CLINTON- The Sept. 5 public hearing brought a change of heart for residents who were in opposition to Chamard Vineyard's application to expand its farm tourism uses. After nearly 20 residents stood up in favor of the application, the hearing was officially closed.
Chamard is applying for a special permit to allow the use of retail and wholesale of agriculture products, retail of handcraft and artisan products, agriculture education instruction, demonstration and production of furniture, and restaurant with 35 seats.
Opposition was strong at previous public hearings, with dozens of residents voicing concerns. The majority of the resistance was to the proposed bistro, from past noise complaints based on the eight events Chamard is allowed to host, and traffic and safety concerns.
What caused so many people to change their minds in a matter of a few short weeks? According to those who spoke at the hearing, it was due to the fact that representatives from Chamard, including General Manager Jeff Vernon, reached out to several neighbors of the vineyards.
After consulting with a sound engineer and standing on a land abutter's property line to hear what the music sounded like, Vernon is also proposing to turn off music at the events at 8 p.m., versus 10 p.m., to help limit the noise.
"The music was crystal clear in [the neighbor's] back yard and this is unacceptable. I don't want to be that as a neighbor. We want to be different than that, we want to do better than that, so we can change that so we talked that night and we agreed that 8 p.m. would be a much better time to end the music," Vernon said. "We're going to work with a sound engineer to make the sound better."
Vernon also would like to reorganize the eight events the vineyards is allowed per year, organizing more public events versus private events for which he has to shut the vineyard down.
"Next year's events are going to be different. We're going to manage the music and we're going to have the language determined how its going to be...Something that is inclusive to the neighborhood or the community as compared to exclusive private events where we shut down," the general manager said.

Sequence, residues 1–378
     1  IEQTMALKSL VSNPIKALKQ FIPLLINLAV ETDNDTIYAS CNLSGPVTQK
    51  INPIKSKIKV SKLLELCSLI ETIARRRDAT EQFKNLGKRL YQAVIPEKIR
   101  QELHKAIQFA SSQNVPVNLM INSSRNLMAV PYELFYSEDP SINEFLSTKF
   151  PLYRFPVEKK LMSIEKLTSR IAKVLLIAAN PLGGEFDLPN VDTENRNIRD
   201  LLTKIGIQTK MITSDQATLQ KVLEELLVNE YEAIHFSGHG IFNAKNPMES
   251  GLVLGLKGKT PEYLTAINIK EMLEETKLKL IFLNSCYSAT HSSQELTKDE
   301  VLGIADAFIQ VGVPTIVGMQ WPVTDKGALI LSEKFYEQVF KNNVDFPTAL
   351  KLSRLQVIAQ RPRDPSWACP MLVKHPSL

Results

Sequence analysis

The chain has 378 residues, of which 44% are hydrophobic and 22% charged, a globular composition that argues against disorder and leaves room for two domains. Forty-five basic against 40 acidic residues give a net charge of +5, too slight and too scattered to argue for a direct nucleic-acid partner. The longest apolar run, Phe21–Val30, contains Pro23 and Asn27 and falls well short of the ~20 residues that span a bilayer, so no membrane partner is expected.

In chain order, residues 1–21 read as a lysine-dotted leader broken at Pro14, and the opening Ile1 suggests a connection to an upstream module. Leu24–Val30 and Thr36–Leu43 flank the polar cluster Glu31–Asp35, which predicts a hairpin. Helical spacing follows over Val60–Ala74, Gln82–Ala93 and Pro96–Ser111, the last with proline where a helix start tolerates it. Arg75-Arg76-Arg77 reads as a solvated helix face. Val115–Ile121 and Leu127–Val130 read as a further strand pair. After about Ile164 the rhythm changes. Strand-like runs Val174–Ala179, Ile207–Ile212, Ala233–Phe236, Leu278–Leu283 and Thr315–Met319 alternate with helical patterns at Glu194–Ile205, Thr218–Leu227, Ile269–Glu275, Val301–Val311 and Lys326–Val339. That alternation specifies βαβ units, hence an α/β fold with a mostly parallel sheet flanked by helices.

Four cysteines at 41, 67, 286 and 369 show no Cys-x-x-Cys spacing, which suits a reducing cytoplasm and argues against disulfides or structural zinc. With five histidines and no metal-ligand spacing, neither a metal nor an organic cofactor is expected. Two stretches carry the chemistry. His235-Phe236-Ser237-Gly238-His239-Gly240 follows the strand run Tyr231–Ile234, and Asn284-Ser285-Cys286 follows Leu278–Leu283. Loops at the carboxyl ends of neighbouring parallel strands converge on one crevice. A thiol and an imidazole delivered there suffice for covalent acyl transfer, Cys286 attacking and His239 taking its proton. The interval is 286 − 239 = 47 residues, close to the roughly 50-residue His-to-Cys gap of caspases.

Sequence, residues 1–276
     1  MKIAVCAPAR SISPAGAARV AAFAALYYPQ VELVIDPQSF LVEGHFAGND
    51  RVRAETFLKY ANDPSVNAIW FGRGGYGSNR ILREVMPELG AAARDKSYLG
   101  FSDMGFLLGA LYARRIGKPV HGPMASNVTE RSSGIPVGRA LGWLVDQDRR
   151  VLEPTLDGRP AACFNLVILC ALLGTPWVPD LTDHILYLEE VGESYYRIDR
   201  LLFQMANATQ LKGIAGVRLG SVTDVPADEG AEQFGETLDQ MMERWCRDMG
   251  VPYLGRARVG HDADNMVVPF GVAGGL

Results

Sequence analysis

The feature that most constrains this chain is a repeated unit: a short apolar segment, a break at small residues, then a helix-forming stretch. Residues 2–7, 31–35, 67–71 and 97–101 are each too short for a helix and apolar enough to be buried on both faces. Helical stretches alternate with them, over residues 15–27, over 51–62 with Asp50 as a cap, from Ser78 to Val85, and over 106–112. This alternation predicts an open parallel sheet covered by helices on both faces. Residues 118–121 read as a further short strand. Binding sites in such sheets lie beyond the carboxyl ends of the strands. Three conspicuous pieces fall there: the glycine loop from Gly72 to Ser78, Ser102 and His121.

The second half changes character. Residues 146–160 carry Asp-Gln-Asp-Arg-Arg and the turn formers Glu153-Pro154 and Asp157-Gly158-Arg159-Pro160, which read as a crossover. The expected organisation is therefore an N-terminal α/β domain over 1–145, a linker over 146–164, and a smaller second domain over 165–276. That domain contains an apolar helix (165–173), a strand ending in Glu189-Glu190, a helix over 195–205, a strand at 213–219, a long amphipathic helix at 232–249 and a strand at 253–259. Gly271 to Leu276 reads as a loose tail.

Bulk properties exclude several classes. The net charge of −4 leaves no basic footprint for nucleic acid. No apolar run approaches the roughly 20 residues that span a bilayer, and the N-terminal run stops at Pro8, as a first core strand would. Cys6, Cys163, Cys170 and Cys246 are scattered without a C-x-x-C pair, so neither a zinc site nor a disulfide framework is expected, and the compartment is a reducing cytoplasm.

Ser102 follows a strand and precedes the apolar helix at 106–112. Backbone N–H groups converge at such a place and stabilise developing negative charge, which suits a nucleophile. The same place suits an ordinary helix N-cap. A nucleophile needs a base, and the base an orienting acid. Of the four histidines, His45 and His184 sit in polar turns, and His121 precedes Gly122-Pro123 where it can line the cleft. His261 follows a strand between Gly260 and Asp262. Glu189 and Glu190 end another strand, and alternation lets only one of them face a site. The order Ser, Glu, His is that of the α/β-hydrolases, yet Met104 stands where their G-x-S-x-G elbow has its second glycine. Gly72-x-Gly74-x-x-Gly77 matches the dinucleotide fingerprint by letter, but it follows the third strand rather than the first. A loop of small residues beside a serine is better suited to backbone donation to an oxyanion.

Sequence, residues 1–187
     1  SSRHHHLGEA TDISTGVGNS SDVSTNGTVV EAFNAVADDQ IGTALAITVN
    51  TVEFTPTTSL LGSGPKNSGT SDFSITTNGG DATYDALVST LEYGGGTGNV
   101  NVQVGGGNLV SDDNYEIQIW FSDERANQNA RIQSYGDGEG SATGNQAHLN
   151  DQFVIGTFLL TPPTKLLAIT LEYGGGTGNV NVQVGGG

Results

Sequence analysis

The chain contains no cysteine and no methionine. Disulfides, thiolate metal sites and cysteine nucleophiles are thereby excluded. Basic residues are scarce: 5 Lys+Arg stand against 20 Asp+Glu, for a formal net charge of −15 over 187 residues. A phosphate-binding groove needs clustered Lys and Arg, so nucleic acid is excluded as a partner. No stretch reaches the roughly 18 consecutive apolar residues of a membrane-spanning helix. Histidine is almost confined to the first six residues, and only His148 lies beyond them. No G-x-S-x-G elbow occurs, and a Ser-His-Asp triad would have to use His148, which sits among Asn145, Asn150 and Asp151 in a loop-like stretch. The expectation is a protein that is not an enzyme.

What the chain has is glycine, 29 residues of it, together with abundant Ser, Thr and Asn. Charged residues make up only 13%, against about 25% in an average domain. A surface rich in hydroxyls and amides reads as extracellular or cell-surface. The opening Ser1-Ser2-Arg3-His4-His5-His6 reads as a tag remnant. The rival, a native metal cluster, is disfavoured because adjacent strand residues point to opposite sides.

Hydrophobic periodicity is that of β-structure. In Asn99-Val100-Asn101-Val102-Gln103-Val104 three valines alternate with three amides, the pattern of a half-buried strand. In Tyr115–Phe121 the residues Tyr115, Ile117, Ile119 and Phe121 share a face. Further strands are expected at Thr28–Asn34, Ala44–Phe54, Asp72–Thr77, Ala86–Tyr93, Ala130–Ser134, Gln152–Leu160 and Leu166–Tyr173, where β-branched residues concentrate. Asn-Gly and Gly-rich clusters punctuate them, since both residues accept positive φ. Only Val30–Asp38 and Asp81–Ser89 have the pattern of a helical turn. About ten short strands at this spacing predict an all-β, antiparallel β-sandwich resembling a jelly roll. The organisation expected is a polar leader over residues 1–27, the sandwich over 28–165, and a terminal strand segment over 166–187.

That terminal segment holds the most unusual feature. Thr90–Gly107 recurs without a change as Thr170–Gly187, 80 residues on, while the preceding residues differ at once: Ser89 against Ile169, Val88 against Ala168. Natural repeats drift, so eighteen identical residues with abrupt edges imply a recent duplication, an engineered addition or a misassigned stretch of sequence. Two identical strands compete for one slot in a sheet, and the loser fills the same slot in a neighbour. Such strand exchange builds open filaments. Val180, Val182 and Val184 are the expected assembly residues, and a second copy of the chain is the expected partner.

Some residents who spoke out against the application at former public hearings stood up to give the vineyards offering their blessing on its proposal after Vernon spoke.
"You've heard me talk here before adamantly against the application. A couple weeks ago I reached out to Mr. Vernon. We had a productive conversations on all the issues surrounding where we were-the confusion about the restaurant, the disturbances in the events, and the whole list. I now will have to say I support the bistro...It's a good plan," resident David Lee told the Planning & Zoning Commission (PZC). "Along with that he and his team made some extremely good recommendations and brought some extremely talented people in to look at what they are doing.
"I think he needs that little bistro to get moving. There was no communication between Chamard and the neighborhood and I'd have to say that drastically changed in the last few weeks so my wife and I would like to offer our support," Lee continued.
Other residents supported the business's proposal for economic development reasons.
"Chamard is a great business in Clinton. If we have a viable business in town and we are not supporting them, what does that say-Clinton's closed for business? I don't think that's the way we want to go," Sandy Luke said. "Well of course we're not bringing businesses in if we can't even support the [existing] businesses that are successful and are bringing people in from Clinton."
"I'm very much in favor of Chamard's plan. I'm in favor of he vibrancy of Clinton and I think Chamard gives us that opportunity to see economic development," Laura Attanasio said. "Chamard is a beautiful place to go. If they don't stay in business, what happens to that land? Do property owners want to see little houses suddenly pop up on that land?"
With the public hearing on this application now closed, the Clinton Police Commission was scheduled to meet
Sept. 10 (after press time) to review the traffic study submitted at the last public hearing. It will then return to PZC for review and a decision.